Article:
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NOOK Book. In this Regency romance, Kleypas, the author of Seduce Me at Sunrise, tells the story of a scandalous beauty with no memory of who she is and the man determined to unravel the secrets of her past. She lives in Washington State with her husband Gregory and their two children. He followed the waterman through the swirls of fog, cold mist clinging to his skin and forming beads on his wool coat. He kept both hands shoved deep in his pockets, while his gaze chased restlessly around the scene.

The river looked oily in the dull glow of lamps hung on the massive blocks of granite near the landing. Two or three tiny boats ferried passengers across the Thames, bobbing like toys on the water. Chilly waves lapped against the steps and face of an embankment wall. A wintry March breeze curled around Grant's face and ears and slipped persistently beneath the edge of his cravat. He suppressed a shiver as he stared at the sloshing black river. No one could survive much longer than twenty minutes in water that cold.

He reached inside his coat, fingering the case of his pocket watch. The drifting mist surrounded them in a yellow-gray haze, causing him to squint in the effort to see better. Morgan hisself Why, no one will believe it when I tell 'em.

A man who guards the king I would ha' thought you above such dirty business as this. The stairs is awful slick by the water, specially on a dampnight like this. In the course of his detective work he often saw dead bodies, but drowning victims were surely among the most unpleasant.

The body had been left facedown, but it was clearly female. She was spread akimbo like a rag doll abandoned by a careless child, the skirts of her dress heaped in a dripping mass around her legs.

Crouching beside her, Grant clasped the woman's shoulder with a leather-gloved hand and began to turn her over. He recoiled instantly, startled, as she began to cough and retch salt water, her body spasming. The waterman yelped in terror behind him, then drew nearer. How long had this poor woman been left in the bitter cold while the waterman had sent for a Bow Street Runner to investigate? Her chances of survival would have been far greater had she been taken care of immediately.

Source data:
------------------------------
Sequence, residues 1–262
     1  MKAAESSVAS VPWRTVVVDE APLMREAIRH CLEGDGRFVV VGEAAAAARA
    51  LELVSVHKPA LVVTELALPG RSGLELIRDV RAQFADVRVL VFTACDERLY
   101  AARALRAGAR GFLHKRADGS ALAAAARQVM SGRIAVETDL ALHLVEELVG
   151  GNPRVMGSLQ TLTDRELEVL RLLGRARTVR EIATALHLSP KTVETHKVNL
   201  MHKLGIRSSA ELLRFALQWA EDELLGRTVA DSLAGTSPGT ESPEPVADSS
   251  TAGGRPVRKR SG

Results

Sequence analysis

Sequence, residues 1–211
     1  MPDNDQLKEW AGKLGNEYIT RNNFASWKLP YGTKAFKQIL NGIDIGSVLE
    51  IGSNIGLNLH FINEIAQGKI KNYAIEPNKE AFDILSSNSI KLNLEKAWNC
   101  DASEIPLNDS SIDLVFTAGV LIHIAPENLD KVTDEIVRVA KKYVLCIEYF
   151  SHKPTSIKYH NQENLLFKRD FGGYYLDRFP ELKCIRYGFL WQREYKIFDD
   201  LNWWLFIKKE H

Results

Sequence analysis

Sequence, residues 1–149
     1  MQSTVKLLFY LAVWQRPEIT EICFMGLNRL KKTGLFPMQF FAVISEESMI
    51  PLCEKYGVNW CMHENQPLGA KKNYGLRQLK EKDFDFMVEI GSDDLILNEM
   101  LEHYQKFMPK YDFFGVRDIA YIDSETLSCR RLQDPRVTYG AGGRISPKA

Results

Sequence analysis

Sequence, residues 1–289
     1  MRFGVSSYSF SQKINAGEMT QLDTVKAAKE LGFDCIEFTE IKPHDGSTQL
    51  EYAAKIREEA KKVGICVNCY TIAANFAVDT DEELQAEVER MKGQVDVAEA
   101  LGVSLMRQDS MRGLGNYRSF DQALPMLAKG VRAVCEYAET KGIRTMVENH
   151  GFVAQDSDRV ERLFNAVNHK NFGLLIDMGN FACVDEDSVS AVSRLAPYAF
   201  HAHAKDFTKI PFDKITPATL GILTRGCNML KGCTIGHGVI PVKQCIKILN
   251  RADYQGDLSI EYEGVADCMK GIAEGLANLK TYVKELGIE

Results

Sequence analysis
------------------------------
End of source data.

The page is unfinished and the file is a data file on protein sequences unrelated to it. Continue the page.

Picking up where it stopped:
As it was, her odds weren't good. He flipped the woman over and lifted her head to his knee, her long hair soaking his trousers. Her skin was ashen in the murky light, and there was a swelling lump on the side of her head. Even so, the delicate, distinctive features were recognizable. He knew her. He made a point of never being surprised by anything It was inconceivable. Her eyes half opened, dull with the knowledge of her imminent death. But Vivien was not the kind of woman to slip away without a struggle.

She whimpered and reached upward, her hand brushing the front of his waistcoat in a feeble attempt to save herself. Spurred into action, Grant locked his arms around her and hauled her upward. She was small and compact, but the skirts of her waterlogged gown nearly doubled her weight. Grant held her high against his chest, giving a grunt of discomfort as the icy salt water soaked through his own clothes.

I done someone a favor, didn't I, finding the lady afore she croaked. I wouldn't take no thanks, o' course Jacob Linley," Grant said harshly, interrupting the man's eager speculation. Tell him to come to my residence at King Street. Why, I could earn five shillings yet tonight. Is that motivation enough? You're not a-tall like they write you in the papers.

Hours I've spent in the taverns whilst they read aloud about yer doings Grant's mouth curved in grim amusement. He was well aware of the way his exploits were described in the papers. Editors and writers had exaggerated his accomplishments until he was made to seem superhuman. People regarded him as a legend, not as a normal man with flaws.

He had made the job of Bow Street Runner into a highly profitable one, earning a fortune from recovering stolen property for banks. With each case solved, his name had garnered more celebrity, until he was discussed in every coffee shop and tavern in London. To Grant's amusement, the ton had taken him to its bejeweled bosom, clamoring for his presence at their social functions.

It was said that a ball's success was assured if the hostess was able to write "Mr. Morgan will attend" at the bottom of the invitation. Yet for all his apparent popularity with the nobility, it was clear to all that he was not one of them.